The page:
“I think we can get a bit closer,” Jamie says, and we paddle as silently as we can towards a huge American pelican. Soon, we are just metres away from the giant bird, and he looks at us curiously wondering what we’re up to.
The pike’s tail thrashes, splashing the sides of the boat. It’s a strong 10-pounder and it’s putting up a fight. This is the eighth fish on our lines in less than an hour but it’s my first. Not just my first today; it’s my first ever.
As we cross the causeway to Sir Winston Churchill Provincial Park’s Big Island, we stop to admire the view. Sunshine glints off the water and fishing boats, while cyclists cross the causeway. On the island road, the truck in front of us pulls over and waves us on.
There is something about paddling any distance in a canoe or a kayak. The sound of the water kissing the sides of the boat, the call of the birds that ripple with the waves and the scenery that changes with every paddle stroke. Its therapeutic, calming and some things challenging.
Sitting on a beach, it’s hard to resist dragging your fingers in swirling patterns to create your own mini Zen garden. The feel of the grains on your fingertips and the heat of the sand is very soothing.
Growing up on the St. Lawrence River, gave Liz Fleming the opportunity to dip the paddle into the river on many occasions. “My dad and I would silently slip the kayaks into the marshes and weeds to sneak up on the wildlife.
Can there be harmony between a writer and a photographer while out on an assignment? What if the writer wants a photo of one scene but the photographer is adamant that the photo should be of something else?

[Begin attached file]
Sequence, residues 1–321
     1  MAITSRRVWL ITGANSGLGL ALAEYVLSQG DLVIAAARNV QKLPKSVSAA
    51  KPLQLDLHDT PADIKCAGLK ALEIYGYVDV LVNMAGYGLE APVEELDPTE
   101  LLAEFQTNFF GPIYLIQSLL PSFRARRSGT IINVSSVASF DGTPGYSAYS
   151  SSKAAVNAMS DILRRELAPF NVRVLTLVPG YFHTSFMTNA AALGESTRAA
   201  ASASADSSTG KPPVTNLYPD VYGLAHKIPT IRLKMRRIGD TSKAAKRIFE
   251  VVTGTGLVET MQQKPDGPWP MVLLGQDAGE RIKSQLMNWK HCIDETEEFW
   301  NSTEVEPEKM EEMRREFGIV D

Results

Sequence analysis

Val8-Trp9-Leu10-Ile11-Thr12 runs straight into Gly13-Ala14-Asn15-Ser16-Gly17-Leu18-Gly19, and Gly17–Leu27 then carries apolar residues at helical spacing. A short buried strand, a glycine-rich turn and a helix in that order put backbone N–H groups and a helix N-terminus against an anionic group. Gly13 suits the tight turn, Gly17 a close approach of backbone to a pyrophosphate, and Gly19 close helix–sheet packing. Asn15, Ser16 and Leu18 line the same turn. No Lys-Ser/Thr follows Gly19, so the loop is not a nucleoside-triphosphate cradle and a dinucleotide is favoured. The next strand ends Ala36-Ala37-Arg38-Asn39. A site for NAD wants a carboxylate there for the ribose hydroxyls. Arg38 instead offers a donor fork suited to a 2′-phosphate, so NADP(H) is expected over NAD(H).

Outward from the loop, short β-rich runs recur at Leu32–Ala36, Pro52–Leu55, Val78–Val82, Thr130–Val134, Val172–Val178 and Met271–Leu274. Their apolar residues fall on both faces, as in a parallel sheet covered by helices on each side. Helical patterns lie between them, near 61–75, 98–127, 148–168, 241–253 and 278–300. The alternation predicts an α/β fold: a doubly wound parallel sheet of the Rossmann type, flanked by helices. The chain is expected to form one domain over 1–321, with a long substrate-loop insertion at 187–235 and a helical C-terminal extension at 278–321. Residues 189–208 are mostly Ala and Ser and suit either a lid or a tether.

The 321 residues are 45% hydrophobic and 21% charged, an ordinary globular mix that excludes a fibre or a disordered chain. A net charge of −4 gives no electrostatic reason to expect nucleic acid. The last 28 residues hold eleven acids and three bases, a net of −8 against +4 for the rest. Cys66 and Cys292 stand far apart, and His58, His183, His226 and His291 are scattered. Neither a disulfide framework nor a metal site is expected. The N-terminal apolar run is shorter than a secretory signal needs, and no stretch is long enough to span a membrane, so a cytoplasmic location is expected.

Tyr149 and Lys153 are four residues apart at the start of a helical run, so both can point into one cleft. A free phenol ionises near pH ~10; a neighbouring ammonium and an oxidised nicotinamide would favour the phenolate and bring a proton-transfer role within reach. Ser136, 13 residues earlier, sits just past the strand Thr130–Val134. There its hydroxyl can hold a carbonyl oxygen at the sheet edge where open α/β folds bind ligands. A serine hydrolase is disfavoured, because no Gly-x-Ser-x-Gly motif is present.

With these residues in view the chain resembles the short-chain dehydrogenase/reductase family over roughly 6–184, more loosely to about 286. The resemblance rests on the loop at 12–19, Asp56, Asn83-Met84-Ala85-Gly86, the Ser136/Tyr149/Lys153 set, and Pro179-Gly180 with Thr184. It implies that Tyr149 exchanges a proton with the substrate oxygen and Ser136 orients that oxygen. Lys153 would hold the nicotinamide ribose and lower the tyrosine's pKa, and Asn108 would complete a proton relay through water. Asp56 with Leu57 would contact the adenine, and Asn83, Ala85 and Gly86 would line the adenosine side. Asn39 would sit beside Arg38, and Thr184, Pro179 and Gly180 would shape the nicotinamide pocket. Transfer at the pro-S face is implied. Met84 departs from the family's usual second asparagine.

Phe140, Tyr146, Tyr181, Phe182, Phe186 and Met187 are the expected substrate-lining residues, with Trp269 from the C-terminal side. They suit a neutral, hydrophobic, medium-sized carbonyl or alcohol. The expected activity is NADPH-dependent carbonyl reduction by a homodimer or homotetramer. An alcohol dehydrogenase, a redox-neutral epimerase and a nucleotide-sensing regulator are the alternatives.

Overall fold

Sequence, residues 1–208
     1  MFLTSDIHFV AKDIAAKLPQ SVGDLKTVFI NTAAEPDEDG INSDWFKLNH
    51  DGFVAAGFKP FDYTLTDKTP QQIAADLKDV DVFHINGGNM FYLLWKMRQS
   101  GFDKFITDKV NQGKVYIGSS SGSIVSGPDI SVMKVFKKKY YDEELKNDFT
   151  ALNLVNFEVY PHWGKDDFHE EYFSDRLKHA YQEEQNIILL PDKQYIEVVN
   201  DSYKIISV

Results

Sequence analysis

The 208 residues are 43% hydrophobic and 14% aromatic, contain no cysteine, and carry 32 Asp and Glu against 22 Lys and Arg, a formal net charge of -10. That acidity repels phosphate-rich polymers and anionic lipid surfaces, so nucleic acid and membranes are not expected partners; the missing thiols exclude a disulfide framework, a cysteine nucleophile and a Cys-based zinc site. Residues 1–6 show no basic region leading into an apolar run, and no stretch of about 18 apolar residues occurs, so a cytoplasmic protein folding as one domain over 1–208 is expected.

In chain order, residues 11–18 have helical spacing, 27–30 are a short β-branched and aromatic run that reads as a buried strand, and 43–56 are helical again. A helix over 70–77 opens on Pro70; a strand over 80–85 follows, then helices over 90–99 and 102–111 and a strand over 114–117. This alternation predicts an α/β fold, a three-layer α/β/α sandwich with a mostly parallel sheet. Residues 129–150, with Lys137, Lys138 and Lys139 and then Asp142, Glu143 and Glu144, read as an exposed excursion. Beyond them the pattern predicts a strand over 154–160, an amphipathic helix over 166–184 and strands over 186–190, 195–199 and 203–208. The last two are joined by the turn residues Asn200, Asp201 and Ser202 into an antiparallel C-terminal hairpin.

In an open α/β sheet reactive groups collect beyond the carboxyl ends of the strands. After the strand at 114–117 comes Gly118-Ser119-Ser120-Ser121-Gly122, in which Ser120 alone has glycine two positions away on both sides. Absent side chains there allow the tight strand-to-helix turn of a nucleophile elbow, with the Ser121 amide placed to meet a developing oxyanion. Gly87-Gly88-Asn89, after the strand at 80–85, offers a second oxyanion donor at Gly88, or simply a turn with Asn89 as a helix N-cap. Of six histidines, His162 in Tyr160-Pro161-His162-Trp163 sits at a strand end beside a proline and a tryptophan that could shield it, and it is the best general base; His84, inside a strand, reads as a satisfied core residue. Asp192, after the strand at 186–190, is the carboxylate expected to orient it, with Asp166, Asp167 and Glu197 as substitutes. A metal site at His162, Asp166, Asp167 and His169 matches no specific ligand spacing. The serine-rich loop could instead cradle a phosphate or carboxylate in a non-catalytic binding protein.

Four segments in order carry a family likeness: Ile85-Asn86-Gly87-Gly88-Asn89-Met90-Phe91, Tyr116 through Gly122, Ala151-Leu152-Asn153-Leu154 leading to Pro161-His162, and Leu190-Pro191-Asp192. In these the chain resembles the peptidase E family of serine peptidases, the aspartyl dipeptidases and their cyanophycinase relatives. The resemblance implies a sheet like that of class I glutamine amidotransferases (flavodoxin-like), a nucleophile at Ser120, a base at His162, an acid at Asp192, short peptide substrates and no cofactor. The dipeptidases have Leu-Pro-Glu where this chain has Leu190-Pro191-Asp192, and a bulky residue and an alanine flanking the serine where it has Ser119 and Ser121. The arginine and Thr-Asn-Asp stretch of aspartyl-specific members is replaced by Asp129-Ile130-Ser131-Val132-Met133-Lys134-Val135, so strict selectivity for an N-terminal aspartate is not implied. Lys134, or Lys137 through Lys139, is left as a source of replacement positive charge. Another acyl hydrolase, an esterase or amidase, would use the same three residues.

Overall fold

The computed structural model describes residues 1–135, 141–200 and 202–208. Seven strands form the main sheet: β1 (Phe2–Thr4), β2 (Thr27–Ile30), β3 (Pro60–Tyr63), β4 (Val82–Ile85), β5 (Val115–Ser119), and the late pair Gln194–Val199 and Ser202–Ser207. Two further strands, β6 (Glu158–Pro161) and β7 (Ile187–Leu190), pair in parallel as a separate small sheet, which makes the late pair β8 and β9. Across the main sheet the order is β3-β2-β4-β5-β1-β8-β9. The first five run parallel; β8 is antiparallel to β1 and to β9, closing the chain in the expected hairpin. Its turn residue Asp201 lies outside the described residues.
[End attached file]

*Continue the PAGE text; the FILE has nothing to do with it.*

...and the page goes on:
I ride a road bike. But what I’m not good at is mountain biking. I need to see an obstacle way in advance so I can calculate my options. Left or right of a pebble on the shoulder of a road is about all I can handle.
The absurdly gifted environmental artist Andy Goldsworthy thinks often about ‘sense of place,” that feeling we have when we know we belong within a specific habitat, that priceless experience of being settled.
Mesmerized by the powerful and hypnotic beat of the ancient drums, we pull ourselves away from the fire-warmed trapper's cabin (after a delicious bannock and beef stew feast, a Métis favourite!) and hop on the wagon for the short ride to the main stage.
When I get too wrapped up in my daily responsibilities, I close my eyes and picture myself outside surrounded by fresh air and immersed in a natural world. Spending even the smallest amount of time in nature centres me.
With fishing lines dipping into the glassy ocean, we sat and waited. Boredom brought the lines up from the depths to check the bait that would slip back into the abyss with our hopes firmly attached to the lures. Then we drift some more with the only sound of the trolling engine pushing us on a meandering course.